MOUNT PLEASANT, Mich. -- Kevin McKay came off the bench to score 17 points Tuesday as Central downed Montana State, 75-48, in a nonconference game before 2,092 at McGuirk Arena.
It was CMU's sixth consecutive victory and . . .
A year ago, the Chippewas outgunned the Bobcats, 106-103, in Bozeman, Mont.
On Tuesday, CMU jumped to a 7-0 advantage and never looked back, building a 37-20 halftime lead. Montana State (6-4) never got closer than 17 points the rest of the way as the Chippewas bumped their advantage over the 20-point mark with just over 12 minutes remaining and cruised from there.
CMU's defensive focus was on Montana State's Tyler Hall, a 6-foot-4 guard who scored 29 when the teams met last season and came in to Tuesday's game averaging 21.8. He went scoreless, missing all nine of his field goal attempts.
The 48 points was the lowest point total for a CMU opponent since the Chippewas held Arkansas Pine Bluff to 43 on Nov. 23, 2014. Thus far, CMU is limiting opponents to an average of 60.5 points per game.
"It's rare to look at our team this year, on any possession, to not see great effort, to see guys talking, to see guys working, to see them battling both on the ball, off the ball, working in for rebounds," CMU coach Keno Davis said. "Our entire team has bought in that we really need to be a good defensive team to win."
Montana State came in averaging more than 80 points per game. The Bobcats made 28.8 percent of their field goal attempts, including just one of their 16 3-point attempts. Harald Frey was the lone Bobcat in double figures with 12 points.
"Coming into this game we knew that we wanted to change what we did defensively from last year," said CMU senior Cecil Williams, who was assigned to guard Hall. "From the beginning of the year to now, we've been focusing on defense ... just flying all over the court and making plays."
Williams and Shawn Roundtree added 14 points apiece, and David DiLeo finished with 13 points and nine rebounds for the Chippewas. Williams and Luke Meyer had seven rebounds apiece, and Roundtree dished out four assists.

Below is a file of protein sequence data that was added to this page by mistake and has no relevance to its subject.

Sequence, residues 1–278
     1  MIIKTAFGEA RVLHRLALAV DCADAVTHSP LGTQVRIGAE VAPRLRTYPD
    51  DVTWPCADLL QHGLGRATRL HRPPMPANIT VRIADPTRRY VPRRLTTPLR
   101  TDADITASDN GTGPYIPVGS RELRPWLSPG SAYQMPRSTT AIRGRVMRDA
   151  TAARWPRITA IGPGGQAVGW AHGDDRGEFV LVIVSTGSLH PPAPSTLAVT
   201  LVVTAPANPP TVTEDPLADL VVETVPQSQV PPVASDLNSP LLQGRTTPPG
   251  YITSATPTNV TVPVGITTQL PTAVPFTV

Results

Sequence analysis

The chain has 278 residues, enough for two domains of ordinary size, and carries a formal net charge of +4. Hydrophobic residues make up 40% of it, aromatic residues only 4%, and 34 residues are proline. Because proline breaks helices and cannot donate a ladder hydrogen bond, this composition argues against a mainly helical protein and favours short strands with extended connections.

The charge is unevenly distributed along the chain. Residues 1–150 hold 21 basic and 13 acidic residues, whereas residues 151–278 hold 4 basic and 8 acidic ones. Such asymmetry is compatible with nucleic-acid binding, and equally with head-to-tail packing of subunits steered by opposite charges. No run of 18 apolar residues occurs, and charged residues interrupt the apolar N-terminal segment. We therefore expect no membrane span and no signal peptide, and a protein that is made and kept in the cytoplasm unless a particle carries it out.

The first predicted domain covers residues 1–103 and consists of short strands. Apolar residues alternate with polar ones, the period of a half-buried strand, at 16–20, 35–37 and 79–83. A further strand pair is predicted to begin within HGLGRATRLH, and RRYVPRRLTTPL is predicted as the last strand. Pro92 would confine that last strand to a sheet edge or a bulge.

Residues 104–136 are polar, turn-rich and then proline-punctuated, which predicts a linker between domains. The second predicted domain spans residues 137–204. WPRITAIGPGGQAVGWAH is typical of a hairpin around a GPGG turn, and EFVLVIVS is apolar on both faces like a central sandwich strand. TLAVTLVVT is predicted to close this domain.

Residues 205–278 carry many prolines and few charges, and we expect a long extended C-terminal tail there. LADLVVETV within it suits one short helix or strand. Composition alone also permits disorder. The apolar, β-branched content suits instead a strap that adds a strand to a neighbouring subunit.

The Chippewas once again got balanced scoring, but it was McKay who shined in particular. He scored 10 of his 17 points in the second half, and had three dunks. He finished 8-of-14 from the floor and added six rebounds in 28 minutes.
"We have a lot of options," McKay said. "You can't take a day off on anyone on our team. We've got people who are known for scoring the ball more than others, but we have a lot of options off the bench so everyone has to be accounted for. Makes it a lot harder to guard.
It marked the third time this season that McKay, a 6-5 sophomore, has scored in double figures. He is making 48.8 percent of his field goal attempts.
"He's a matchup problem for teams," Davis said. "He takes the ball to the basket, he's continued to improve on his shot, he can guard. He and Cecil Williams (guarded) Hall, and even though Hall wasn't in there (much), they weren't giving him many looks when he was in there. To have somebody who can play so well on both ends of the court, it's pretty easy for a coach to find minutes for somebody like that."